The irony is that now some people are getting cosmetic tattoos to add freckles! I recently watched a piece on how it has to be done to look natural.

          You were just a trendsetter and didn’t know it.

      2. Seeking Second Childhood*

        I was born when my dad was 40, and when photo retouching showed up in conversation he still griped about the college yearbook that “fixed” his chipped tooth. That would be the tooth that got chipped during a school sports event.

    4. Mr McGregor's Gardener*

      This reminded me of a rather extreme example of misjudging the amount of photoshop you can use. In the 90s, Ford took a photo of some of their workers in the UK, and particularly wanted to showcase their diversity, so made a point of including numerous non-white employees. It was used in some of their UK promotions, so far, so good. Then they wanted to run a similar campaign in Poland, but decided they couldn’t be bothered to take a photo of the Polish workers, and just reused the UK photo. But the racial demographic in Poland is different to the one in the UK. Can you see where this is going?

      So they just photoshopped white faces onto the non-white workers bodies, to make an all-white lineup. And then the photo was somehow used back in the UK. One woman was reported to be shocked to see that she’d aged 20 years, put in 10 pounds and turned white! The plant where the photo had been taken lost a load of money after the workers walked out in disgust, and they had to pay compensation to the photoshopped workers.

      1. Sola Lingua Bona Lingua Mortua Est*

        hen they wanted to run a similar campaign in Poland, but decided they couldn’t be bothered to take a photo of the Polish workers, and just reused the UK photo.

        I’d be offended even before the whitewashing; that’s the stereotype that all people of a given nationality or heritage or interchangeable. Whitewashing afterwards just doubles down on my disgust.

    5. Malarkey01*

      Something is a little off here- if these photos are being used in marketing ads, the bigger issue is not photoshop but how did customers consent to having their image used in paid marketing promotions. You can’t run ads with peoples images (unless they are at large public events without any expectation of privacy) promoting a product without them consenting to their use. If they did consent to use, part of that says the company owns this image and can edit away. How is boss obtaining consent for the ads if not from a waiver?

      1. Beth*

        YES. This is a serious question — and it might give the LW some scope for getting that waiver implemented.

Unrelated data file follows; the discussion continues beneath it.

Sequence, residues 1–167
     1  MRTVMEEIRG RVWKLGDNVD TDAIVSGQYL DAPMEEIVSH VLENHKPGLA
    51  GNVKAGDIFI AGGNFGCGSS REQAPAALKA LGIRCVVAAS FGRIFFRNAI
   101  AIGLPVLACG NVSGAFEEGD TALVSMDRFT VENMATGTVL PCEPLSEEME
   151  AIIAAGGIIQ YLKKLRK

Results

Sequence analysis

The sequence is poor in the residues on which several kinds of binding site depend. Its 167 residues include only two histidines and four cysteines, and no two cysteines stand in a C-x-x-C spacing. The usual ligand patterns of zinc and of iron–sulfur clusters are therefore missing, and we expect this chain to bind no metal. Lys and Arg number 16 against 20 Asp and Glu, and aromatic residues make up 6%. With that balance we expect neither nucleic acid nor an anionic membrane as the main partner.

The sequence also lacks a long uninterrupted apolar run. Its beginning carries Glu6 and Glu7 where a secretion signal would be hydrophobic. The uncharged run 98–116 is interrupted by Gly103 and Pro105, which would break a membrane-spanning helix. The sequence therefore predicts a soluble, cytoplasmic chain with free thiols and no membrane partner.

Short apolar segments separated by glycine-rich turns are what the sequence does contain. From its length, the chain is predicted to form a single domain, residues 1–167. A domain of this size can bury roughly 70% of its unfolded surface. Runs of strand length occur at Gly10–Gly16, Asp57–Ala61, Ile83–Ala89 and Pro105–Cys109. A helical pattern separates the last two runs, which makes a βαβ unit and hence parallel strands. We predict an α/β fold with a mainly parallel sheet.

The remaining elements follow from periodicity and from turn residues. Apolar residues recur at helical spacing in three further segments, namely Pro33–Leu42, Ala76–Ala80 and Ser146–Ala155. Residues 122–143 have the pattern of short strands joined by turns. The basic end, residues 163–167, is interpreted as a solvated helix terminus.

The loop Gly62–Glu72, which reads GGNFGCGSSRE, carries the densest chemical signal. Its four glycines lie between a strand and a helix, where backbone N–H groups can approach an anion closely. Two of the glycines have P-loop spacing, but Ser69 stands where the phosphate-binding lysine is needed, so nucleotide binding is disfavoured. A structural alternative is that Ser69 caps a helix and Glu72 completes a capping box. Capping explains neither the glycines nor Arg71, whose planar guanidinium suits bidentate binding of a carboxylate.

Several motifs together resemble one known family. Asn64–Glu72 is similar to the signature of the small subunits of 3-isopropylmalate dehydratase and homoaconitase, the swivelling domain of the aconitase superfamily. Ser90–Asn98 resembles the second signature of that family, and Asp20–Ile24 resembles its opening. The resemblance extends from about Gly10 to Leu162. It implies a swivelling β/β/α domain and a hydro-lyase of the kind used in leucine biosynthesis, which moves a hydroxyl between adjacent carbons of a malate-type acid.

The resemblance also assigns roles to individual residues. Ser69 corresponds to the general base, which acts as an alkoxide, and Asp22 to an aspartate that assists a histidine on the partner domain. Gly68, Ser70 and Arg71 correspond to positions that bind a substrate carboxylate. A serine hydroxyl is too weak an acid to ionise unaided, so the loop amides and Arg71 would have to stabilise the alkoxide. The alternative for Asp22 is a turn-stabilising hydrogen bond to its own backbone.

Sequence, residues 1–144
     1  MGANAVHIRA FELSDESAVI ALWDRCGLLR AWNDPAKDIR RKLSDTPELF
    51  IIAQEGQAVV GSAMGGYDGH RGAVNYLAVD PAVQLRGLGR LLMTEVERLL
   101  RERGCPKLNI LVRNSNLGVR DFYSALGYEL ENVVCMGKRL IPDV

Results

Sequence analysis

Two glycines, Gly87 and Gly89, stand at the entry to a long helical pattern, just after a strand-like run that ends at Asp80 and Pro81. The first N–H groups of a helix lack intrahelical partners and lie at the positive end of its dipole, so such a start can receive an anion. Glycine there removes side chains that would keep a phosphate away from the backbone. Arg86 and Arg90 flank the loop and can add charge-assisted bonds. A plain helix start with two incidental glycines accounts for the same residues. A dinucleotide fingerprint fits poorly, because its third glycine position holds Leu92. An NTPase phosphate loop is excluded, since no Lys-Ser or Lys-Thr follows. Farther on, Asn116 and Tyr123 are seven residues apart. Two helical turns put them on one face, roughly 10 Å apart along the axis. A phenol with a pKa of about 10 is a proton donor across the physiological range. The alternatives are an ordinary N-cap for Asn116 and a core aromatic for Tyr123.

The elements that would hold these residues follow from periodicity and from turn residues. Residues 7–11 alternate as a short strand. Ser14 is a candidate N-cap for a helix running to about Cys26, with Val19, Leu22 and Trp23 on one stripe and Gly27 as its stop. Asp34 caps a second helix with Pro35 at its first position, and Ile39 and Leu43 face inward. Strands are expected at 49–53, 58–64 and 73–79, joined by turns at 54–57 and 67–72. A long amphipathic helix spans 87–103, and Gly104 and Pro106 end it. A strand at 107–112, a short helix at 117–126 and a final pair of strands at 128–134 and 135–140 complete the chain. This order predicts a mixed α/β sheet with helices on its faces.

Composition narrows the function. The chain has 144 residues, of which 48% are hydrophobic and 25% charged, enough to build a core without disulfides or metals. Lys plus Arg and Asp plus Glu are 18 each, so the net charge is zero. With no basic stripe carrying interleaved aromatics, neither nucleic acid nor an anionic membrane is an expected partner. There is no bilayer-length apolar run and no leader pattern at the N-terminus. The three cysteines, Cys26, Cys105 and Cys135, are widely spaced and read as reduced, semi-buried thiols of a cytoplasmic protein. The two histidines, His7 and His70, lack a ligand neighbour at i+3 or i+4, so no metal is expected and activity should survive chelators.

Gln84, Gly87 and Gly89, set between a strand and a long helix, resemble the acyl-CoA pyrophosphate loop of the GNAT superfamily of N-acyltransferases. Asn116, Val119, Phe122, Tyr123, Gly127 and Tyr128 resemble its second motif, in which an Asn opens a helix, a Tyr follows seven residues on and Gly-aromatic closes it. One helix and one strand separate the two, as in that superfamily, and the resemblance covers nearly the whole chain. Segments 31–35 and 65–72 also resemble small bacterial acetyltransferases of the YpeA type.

6. ursula*

      As someone who struggled with disordered eating for a decade and as a currently plus-sized person whose body positivity was hard won, I would not be impressed (and depending on the day, could even hit a bad mental health spiral) if someone “kindly” edited my face and neck slimmer without asking.

    7. Smithy*

      I was also wondering if there might be some kind of standard text/form the OP can provide to customers in advance of asking them to participate in photos for promotional activities. Presumably customers are made aware that when they’re being photographed with the boss’s boss that one of the photos may be used in promotional material?

      Surely there has to be a straight-forward way to include mention “photo may appear in ad on X publication, in advance of publication the image may receive standard photoshop to enhance the image?” Just something where if someone has an issue, they can flag ahead of time. I also think that professionally, playing around with standardizing this language will only help you in your career. You likely do not want to be having specific conversations with individuals about how they feel about teeth whitening or wrinkle removing, and so finding a way to note that general photoshop will likely happen in case there are concerns to address now will be helpful.

      1. DataSci*

        They need to spell out “standard” photoshop. People’s expectations will vary wildly. They need to say “this includes alterations to people’s appearances as well as general lighting/color adjustments”, or some people will expect they’re just removing shadows. I’d never expect “standard photoshop” to mean “We’ll make you look 20 pounds lighter.”

        1. Smithy*

          I agree – and admit that my usage of the word standard is based entirely on not knowing this industry – but what about a term like “standard cosmetic photoshop”? There simply has to be a way to acknowledge wrinkle correction, teeth whitening and slimming without calling it out directly. Precisely because one person’s “my neck would only look like that if I lost 20 pounds” is another’s “show me from my good angle.”

          I do work in nonprofits, and have seen our photo release forms for adults and children/guardians, and quite honestly the benefit of the document is that for those who are broadly comfortable and familiar, they sign. For those where the language regarding use for fundraising materials is uncomfortable – it’s a place to either open a conversation or acknowledge discomfort and stop. If someone reads a line that says that “standard cosmetic photoshop will happen” and has concerns, it can be discussed at that time.

    8. Gadfly*

      There was not when when I worked with newspaper ads a few years back–it was whatever the client decided to do.

  2. MW*